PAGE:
For many health-conscious consumers, the debate over whether or not eggs are helping or hurting our diets has been a longstanding one. Now, researchers have found that the popular breakfast food may actually help diabetes sufferers.
According to a new study, scientists have discovered that because of the compounds found in eggs, consumers who have one egg per day could be at a lower risk of developing type 2 diabetes.
“The purpose of the current study was to explore potential compounds that could explain the association using non-targeted metabolomics, a technique that enables a broad profiling of chemicals in a sample,” said researcher Stefania Noerman.
Analyzing egg consumption
The researchers analyzed blood samples from over 200 middle-aged male participants in the Kuopio Ischaemic Heart Disease Risk Factor Study.
The blood samples were broken down into four groups and then analyzed. The groups consisted of participants who ate more eggs, those who ate fewer eggs, those who remained healthy over the course of the study, and those who developed type 2 diabetes. For the study, eating “more” eggs was an average of one per day, while eating “fewer” eggs was roughly two per week.
The researchers found that the participants who were eating at least one egg per day were less likely to develop type 2 diabetes, which they credit to certain lipid molecules that were found in their blood samples.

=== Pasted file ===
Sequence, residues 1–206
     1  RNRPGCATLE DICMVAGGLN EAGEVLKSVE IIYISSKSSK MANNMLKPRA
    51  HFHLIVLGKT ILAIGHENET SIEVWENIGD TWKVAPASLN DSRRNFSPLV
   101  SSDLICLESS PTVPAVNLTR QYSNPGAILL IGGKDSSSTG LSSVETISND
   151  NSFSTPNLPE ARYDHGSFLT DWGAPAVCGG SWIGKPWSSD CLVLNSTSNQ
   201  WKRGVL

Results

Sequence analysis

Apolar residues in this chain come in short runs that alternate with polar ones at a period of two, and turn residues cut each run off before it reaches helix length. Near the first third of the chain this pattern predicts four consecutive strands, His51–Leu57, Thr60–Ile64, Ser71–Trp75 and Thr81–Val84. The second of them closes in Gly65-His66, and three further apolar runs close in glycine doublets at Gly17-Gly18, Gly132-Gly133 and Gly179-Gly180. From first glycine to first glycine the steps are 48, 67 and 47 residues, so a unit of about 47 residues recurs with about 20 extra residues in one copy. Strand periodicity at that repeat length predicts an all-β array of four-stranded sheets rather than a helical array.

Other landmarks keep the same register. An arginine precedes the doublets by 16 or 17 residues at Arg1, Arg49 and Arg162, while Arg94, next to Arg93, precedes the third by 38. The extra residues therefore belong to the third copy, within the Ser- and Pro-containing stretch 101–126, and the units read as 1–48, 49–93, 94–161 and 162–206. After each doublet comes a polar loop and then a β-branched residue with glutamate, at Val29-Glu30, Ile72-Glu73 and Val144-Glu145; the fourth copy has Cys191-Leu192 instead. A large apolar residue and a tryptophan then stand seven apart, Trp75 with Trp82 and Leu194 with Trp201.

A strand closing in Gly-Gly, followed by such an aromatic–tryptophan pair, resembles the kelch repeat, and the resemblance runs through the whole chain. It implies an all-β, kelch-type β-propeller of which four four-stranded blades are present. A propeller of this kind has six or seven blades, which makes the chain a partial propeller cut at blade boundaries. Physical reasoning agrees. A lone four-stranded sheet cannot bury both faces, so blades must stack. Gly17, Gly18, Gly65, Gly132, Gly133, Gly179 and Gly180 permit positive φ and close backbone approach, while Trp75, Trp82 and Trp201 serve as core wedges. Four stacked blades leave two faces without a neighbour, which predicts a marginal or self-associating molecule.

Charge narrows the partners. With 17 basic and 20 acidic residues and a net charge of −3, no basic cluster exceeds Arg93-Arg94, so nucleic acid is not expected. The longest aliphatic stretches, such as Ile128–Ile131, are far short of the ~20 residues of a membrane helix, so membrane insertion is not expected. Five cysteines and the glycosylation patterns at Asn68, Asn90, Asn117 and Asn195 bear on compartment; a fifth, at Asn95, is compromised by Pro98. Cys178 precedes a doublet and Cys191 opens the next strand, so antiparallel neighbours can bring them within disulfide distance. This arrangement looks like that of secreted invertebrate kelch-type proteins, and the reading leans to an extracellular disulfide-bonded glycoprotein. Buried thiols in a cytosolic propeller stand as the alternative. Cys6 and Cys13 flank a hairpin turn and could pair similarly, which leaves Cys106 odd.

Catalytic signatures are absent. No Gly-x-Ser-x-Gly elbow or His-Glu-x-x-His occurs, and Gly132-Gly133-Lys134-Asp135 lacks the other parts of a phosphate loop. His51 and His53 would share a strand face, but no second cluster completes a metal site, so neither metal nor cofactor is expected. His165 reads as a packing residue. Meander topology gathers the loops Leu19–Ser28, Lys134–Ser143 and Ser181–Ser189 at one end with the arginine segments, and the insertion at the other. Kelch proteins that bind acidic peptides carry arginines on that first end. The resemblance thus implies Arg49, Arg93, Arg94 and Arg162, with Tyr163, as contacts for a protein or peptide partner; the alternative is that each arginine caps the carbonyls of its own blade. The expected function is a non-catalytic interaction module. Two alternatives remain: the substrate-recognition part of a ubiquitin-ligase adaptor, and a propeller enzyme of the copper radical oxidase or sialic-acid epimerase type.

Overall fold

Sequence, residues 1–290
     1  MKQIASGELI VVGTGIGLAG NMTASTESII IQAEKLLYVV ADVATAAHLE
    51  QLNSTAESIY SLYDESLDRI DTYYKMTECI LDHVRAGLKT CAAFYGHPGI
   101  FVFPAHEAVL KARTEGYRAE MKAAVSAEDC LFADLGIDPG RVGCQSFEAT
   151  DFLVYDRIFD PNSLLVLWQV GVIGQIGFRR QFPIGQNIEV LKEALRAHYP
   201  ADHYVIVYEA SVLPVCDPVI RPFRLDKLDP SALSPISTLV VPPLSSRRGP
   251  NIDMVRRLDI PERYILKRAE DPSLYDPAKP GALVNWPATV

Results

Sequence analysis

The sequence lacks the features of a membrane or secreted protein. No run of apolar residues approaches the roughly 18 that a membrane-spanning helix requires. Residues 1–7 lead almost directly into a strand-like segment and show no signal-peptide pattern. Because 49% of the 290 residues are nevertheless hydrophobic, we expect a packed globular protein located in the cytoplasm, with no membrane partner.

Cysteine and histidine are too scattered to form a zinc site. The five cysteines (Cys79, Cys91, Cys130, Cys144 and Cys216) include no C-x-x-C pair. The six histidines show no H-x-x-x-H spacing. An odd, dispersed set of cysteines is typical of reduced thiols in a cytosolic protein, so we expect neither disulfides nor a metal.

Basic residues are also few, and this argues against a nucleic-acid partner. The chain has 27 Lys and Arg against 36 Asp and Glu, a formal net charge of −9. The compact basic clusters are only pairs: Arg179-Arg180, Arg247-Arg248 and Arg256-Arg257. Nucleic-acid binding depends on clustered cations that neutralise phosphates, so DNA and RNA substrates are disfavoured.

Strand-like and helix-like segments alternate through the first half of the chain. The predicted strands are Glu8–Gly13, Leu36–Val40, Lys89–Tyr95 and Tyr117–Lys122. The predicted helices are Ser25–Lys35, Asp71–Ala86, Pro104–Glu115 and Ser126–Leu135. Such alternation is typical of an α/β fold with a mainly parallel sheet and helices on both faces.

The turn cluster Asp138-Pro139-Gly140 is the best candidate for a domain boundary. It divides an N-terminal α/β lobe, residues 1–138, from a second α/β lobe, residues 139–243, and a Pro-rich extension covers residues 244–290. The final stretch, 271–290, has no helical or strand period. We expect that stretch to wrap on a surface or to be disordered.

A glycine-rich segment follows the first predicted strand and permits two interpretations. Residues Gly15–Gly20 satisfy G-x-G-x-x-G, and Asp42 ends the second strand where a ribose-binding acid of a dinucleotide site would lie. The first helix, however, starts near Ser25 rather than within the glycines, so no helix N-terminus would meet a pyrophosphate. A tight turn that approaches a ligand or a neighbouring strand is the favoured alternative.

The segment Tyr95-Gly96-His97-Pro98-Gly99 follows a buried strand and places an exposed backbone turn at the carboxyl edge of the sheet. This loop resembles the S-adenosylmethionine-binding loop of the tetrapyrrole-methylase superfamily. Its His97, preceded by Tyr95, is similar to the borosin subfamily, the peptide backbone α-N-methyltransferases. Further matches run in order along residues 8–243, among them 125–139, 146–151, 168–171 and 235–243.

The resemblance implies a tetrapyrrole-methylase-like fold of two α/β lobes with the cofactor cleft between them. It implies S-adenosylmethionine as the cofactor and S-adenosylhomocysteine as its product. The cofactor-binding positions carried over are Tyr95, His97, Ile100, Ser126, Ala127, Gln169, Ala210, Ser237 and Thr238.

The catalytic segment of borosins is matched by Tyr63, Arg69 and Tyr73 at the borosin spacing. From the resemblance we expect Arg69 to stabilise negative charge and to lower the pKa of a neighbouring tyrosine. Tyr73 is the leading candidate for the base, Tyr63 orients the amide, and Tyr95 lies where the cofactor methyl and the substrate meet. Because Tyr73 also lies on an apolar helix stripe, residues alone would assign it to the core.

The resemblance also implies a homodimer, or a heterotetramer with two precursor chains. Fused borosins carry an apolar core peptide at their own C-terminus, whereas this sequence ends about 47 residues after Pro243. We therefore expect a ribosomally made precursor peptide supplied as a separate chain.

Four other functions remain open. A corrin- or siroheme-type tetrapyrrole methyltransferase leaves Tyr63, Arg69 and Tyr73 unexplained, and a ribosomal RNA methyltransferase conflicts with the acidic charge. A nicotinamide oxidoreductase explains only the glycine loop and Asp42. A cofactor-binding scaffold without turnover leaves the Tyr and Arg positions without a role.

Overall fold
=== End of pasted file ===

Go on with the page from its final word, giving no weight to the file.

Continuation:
Conversely, the researchers noted that tyrosine -- an amino acid -- was found to be associated with higher risks of developing type 2 diabetes. Moving forward, the group is hoping more research can be done in this area to slow the development of type 2 diabetes.
“Although it is too early to draw any causal conclusions, we now have some hints about certain egg-related compounds that may have a role in type 2 diabetes development,” Noerman said. “Further detailed investigations with both cell models and intervention studies in humans that use modern techniques, such as metabolomics, are needed to understand the mechanisms behind physiological effects of egg intake.”
A recent study found that there are several indicators of diabetes that can be identified two decades before diagnosis.
Researchers discovered that resistance to insulin, fasting glucose levels, and body mass index (BMI) were all common in those that either developed prediabetes or type 2 diabetes. Moreover, these symptoms were present up to a decade before an official diagnosis.
“A much earlier intervention trail, either drug or lifestyle related, is warranted,” said Dr. Hiroyuki Sagesaka.
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